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Iraqi militia indicates it will hand heavy guns to army after Daesh quashed

Iran-backed group says it is not ‘agent of chaos’

By Reuters - Nov 23,2017 - Last updated at Nov 23,2017

Iraqi Shiite fighters of Saraya Ashura (Ashura Companies) from the Hashed Al Shaabi (Popular Mobilisation Units) wave their flags as they ride on a humvee as they advance with the Iraqi forces in the western desert in the northern Iraqi region of Al Hadar, 105 kilometres south of Mosul, on Thursday, flushing out remaining Daesh fighters in Al Jazeera region (AFP photo)

BAGHDAD — A prominent Iraqi militia indicated on Thursday it would give any heavy weapons it had to the military once the Daesh extremist group was defeated and rejected a proposed US congressional bill designating it a terrorist group.

Harakat Hizbollah Al Nujaba, which has about 10,000 fighters, is one of the most important militias in Iraq. Though made up of Iraqis, it is loyal to Iran and is helping Tehran create a supply route through Iraq to Damascus.

The Nujaba fights under the umbrella of the Popular Mobilisation Units (PMU), a mostly Iranian-backed coalition of Shiite militias that played a role in combating Daesh.

Disarming the PMU is seen as Prime Minister Haider Al Abadi's most difficult test as Iraqi forces edge closer to declaring victory over the Sunni militants.

"The heavy weapons belong to the Iraqi government, not us. We are not rebels or agents of chaos and we do not want to be a state within a state," Hashim Al Mouasawi, the group's spokesman, said at a news conference on Thursday.

He was responding to a Reuters question on whether his group would obey orders by Abadi, who as prime minister commands the military, to return heavy weaponry, reduce the number of fighters, or withdraw from Syria. He would not be drawn on the reduction of fighters or Syria.

"The PMF is under the command of the Commander-in-Chief of the Armed Forces and naturally when the war is over and victory is declared, the final decision will be his," Mouasawi said.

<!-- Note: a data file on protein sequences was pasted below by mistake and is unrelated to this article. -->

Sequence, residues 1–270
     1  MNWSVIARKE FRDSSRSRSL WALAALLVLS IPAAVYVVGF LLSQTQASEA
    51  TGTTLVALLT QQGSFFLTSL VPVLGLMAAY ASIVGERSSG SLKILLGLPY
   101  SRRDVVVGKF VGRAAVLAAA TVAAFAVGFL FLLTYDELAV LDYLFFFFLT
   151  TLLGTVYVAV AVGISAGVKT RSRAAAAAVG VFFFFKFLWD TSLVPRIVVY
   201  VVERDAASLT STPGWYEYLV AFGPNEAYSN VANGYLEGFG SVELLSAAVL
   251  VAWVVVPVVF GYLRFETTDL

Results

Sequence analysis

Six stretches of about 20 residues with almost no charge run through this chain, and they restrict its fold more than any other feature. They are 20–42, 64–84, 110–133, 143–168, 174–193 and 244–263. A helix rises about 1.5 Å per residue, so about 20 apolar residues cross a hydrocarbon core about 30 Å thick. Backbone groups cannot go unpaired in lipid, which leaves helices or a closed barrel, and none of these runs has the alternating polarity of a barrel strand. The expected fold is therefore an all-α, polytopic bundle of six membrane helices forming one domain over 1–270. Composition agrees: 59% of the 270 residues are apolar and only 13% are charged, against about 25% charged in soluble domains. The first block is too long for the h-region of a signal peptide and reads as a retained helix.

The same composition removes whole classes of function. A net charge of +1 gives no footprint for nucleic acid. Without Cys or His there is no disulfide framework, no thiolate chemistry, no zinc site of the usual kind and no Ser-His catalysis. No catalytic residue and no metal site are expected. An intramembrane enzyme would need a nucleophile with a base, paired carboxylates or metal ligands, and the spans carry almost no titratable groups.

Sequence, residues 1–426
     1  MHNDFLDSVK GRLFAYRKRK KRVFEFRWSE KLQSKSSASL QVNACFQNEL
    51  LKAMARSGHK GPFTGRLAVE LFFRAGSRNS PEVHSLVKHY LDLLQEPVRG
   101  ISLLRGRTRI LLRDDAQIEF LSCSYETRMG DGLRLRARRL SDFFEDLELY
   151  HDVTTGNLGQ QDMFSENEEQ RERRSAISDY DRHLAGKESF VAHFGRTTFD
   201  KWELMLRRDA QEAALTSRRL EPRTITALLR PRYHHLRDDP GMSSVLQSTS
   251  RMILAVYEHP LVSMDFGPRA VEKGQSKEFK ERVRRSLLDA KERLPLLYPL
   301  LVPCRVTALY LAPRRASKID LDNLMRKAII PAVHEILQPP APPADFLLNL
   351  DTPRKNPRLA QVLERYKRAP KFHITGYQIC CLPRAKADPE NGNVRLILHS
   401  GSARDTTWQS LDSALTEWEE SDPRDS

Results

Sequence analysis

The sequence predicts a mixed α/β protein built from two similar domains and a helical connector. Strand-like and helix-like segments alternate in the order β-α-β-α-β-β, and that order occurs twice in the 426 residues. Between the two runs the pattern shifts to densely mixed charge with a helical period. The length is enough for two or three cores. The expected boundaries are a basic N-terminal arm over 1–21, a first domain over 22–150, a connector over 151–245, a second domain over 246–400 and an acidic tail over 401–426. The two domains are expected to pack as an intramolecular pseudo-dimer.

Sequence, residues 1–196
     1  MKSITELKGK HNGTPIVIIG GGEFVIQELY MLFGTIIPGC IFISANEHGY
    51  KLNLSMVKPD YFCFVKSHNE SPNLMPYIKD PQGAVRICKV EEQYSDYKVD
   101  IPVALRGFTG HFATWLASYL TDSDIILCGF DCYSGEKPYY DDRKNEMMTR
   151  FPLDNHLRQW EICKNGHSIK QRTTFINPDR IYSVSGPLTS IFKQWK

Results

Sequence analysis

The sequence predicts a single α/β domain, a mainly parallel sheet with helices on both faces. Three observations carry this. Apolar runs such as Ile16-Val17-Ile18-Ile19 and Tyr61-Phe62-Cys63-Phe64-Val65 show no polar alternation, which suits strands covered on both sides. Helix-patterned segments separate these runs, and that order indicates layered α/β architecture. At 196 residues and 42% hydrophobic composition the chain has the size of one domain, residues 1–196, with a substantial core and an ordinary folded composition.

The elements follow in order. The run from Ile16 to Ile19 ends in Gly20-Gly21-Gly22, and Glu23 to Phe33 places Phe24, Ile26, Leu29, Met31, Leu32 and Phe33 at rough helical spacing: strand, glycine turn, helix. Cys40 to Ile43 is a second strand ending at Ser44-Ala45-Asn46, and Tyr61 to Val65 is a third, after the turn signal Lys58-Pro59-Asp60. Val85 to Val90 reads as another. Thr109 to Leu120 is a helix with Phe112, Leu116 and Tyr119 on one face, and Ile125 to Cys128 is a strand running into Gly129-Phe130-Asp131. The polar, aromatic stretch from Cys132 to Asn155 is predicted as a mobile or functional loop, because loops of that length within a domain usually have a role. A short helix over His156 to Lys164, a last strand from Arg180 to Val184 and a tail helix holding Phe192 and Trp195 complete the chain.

His comments broadly echoed those of Iraqi military spokesman Brigadier General Yahya Rasool.

"The tanks, armoured vehicles, and machineguns belong to the army and it is natural that after the battles are over they return to the army," Rasool told Reuters in an interview.

Nujaba strongly objected to moves by Washington towards designating it a terrorist group. Nujaba blames the United States, without providing evidence, for the creation of Daesh.

Republican US Representative Ted Poe introduced a bill this month to the House of Representatives that would place Nujaba and another militia loyal to Iran on a list of terrorist groups and give President Donald Trump 90 days to impose sanctions on it once it passed. 

 

Iranian influence

 

The bill was referred to the House Committee on Foreign Affairs, sparking condemnation in Baghdad from Iraqi lawmakers and Abadi himself, who said he would not allow anyone who fought Daesh to be treated as criminals.

"Accusing us of terrorism is not new or surprising. It is not a coincidence, and does not shock us, because we have never been part of the American bloc or project," said Mouasawi.

Iraq is backed by adversaries the United States and Iran in its fight against Daesh.

The United States is concerned that Iran, a Shiite Muslim regional power, will take advantage of gains against Daesh in Iraq and Syria to expand the influence it amassed after the US invasion in 2003, something Arab rivals such as Saudi Arabia also oppose.

Tens of thousands of Iraqis heeded a call to arms in 2014 after Daesh seized a third of the country's territory, forming the PMF, which receive funding and training from Tehran and have been declared part of the Iraqi security apparatus.

They are paid by the Iraqi government and officially report to the prime minister, but some Arab Sunni and Kurdish politicians describe these militias as a de facto branch of the Iran's Islamic Revolutionary Guards Corp (IRGC).

Mouasawi openly said on Thursday his group receives support in the form of "advice" from the guards and the commander of its foreign operations, Major-General Qassem Soleimani, and Lebanese Shiite political and military group Hizbollah.

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